The computer systems that control a region's utilities run on common technology platforms and are vulnerable to hackers.
The greater use of computer systems to monitor and control the U.S. water supply has increased the importance of cybersecurity to protect the country's utilities, a top official for a large water company said on Monday.
Comment on this article in The Forum."There are new vulnerabilities and threats every day of the week," said Bruce Larson, security director for American Water, one of the country's largest water service companies. "The technology has advanced, along with the threat's access. A keyboard in Afghanistan can talk to computers in the U.S. We need to take a look at this."
Larson discussed the issue during an event at the U.S. Chamber of Commerce as part of National Preparedness Month.
The industrial control systems water and other utility companies use run on common technology platforms such as Microsoft Windows, which leaves them vulnerable to attacks from hackers or enemy states seeking to disrupt the country's water supply. In addition, a major natural disaster such as a hurricane could shut down servers, forcing a disruption in the supply of water and wastewater services.
"We're taking the full-spectrum, all-hazards approach," said Larson. "We need to bake security into the next generation of control systems."
Most of the nation's water supply infrastructure is privately owned so the Homeland Security Department must work with industry as well as state and local agencies to help protect critical infrastructure. To that end, the American Water Works Association released a roadmap earlier this year detailing its plans to secure all water control systems. Part of the difficulty is water companies vary greatly in terms of size and mission; while many have fully staffed IT departments, others rely on only a handful of people or are without a dedicated tech specialist.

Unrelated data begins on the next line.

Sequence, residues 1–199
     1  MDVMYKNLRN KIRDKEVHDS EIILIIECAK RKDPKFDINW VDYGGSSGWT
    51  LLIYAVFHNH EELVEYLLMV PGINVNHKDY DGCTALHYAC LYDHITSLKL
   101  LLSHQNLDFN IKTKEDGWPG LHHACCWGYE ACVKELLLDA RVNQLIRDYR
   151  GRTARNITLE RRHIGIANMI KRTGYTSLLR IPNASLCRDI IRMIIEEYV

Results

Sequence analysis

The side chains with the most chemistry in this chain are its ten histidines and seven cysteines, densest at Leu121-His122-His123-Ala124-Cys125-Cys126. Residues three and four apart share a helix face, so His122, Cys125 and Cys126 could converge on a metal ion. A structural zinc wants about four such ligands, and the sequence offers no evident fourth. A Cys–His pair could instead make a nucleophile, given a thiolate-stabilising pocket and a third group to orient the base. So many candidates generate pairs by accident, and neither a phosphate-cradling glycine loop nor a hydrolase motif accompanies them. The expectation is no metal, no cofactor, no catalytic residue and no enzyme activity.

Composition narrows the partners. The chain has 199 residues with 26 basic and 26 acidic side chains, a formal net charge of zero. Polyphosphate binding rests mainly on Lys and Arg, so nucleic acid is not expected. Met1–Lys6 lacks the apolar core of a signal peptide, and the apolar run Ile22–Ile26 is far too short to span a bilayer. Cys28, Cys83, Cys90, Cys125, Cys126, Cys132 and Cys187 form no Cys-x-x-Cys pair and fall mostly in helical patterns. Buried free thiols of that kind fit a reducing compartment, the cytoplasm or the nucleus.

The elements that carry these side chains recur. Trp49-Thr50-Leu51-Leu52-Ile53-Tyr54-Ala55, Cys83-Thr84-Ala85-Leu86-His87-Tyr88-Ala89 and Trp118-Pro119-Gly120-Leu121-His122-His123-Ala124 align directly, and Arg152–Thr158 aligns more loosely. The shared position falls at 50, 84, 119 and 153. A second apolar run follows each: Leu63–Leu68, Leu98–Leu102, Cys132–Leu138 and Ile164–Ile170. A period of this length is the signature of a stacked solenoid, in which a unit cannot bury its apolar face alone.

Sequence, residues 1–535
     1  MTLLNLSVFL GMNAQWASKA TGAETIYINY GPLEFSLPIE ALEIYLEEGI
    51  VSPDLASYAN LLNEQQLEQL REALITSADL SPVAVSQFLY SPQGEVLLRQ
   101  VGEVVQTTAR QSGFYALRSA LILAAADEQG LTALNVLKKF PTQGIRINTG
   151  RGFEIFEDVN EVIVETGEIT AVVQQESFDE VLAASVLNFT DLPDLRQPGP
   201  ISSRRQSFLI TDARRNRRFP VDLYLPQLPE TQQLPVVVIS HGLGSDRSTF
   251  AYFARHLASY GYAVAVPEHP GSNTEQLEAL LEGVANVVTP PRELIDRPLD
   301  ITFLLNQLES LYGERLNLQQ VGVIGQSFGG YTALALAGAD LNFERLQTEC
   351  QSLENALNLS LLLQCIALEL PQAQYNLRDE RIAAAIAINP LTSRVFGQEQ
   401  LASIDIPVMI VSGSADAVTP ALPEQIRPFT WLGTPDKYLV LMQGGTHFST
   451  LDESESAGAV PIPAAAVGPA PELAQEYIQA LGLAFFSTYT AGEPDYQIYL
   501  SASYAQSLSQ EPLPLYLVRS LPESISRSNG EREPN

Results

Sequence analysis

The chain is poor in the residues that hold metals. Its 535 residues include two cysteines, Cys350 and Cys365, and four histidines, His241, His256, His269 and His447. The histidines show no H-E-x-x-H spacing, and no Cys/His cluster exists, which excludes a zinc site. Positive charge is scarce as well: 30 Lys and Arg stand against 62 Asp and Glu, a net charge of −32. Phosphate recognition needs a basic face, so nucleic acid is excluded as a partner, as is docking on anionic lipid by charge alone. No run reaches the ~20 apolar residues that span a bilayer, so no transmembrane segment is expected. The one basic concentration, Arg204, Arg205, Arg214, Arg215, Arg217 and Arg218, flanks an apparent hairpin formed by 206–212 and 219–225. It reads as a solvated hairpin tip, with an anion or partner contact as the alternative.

Larson said ensuring continuity of control systems was crucial to protecting the nation's water supply. He suggested that agencies and companies have backup servers, computers and parallel IT infrastructures in place in the event of an attack or natural disaster to prevent disruption of service. For guidance, Larson said the water sector was turning to other public utility industries, which have been working on similar issues for years.
"The threats and risks are common with other sectors, so we gain a little commonality," he said. He mentioned the oil, gas and electrical industries along with the Nuclear Regulatory Commission as examples of groups grappling with similar challenges. "They're doing the same stuff, it's very similar; we just have to personalize it to our sector," Larson said.